The Blue Grotto is a sea cave on the coast of the island of Capri, southern Italy. Sunlight passing through an underwater cavity and shining through the seawater creates a blue reflection that illuminates the cavern. The cave extends some 50 metres into the cliff at the surface, and is about 150 metres (490 ft) deep, with a sandy bottom.
The cave is 60 metres long and 25 metres wide. The entry is two metres wide and roughly one metre high at low tide, making safe access possible only when tides are low and the sea is calm. To enter the grotto, visitors must lie flat on the bottom of a small four-person rowboat. The oarsman then uses a metal chain attached to the cave walls to guide the boat inside the grotto.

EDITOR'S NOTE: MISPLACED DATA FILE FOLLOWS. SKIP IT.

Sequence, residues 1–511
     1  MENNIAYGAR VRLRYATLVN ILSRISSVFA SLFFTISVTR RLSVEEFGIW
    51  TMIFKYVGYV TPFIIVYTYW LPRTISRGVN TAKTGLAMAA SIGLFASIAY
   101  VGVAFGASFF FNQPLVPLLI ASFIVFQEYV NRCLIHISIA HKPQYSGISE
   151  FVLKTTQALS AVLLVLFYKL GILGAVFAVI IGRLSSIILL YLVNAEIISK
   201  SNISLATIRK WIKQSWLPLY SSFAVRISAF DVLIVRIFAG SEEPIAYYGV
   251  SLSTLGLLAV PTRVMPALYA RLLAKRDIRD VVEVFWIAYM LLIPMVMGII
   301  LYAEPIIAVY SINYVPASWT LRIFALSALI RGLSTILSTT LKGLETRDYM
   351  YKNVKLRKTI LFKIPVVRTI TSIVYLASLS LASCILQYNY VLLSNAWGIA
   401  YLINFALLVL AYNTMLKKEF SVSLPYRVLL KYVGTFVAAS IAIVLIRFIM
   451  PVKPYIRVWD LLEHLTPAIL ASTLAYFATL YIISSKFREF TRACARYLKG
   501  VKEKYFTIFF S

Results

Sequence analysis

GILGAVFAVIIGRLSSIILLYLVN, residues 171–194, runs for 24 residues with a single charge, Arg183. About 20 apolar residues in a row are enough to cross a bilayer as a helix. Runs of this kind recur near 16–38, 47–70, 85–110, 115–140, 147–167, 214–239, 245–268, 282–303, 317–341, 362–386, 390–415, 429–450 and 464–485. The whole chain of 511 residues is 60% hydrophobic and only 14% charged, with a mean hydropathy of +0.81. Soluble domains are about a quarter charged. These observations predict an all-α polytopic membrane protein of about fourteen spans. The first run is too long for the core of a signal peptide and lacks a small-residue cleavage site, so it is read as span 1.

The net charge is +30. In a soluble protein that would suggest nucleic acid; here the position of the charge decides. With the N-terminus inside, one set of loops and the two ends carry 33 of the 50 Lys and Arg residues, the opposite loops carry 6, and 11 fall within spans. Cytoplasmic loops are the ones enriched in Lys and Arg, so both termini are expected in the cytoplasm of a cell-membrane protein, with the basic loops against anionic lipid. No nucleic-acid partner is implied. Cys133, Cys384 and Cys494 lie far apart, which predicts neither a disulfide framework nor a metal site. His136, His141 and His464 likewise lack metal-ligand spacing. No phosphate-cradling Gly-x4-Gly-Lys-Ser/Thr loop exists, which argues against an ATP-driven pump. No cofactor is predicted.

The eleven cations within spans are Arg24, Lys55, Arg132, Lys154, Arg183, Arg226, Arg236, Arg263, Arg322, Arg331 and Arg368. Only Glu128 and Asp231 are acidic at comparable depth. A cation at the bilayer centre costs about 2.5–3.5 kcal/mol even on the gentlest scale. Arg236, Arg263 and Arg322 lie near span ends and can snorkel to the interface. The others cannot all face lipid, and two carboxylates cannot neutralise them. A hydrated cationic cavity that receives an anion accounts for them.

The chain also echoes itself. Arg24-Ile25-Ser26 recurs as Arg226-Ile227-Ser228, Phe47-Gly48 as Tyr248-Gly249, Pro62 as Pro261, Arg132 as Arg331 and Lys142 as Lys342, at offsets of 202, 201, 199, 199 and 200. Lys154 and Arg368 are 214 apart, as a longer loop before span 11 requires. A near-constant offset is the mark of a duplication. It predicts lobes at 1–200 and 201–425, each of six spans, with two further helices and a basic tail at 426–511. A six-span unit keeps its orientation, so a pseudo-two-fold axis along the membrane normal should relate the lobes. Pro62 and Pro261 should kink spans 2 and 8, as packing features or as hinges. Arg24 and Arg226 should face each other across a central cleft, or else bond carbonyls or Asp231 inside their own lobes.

In 2011 a visitor suffered a life altering injury when his neck was broken while entering the cave. The Cooperativa Battellieri Grotta Azzurra initially denied liability but settled a damages claim. It was concluded that the boatmen had continued entering the cave when the sea conditions were inappropriate. Swimming in the grotto is forbidden.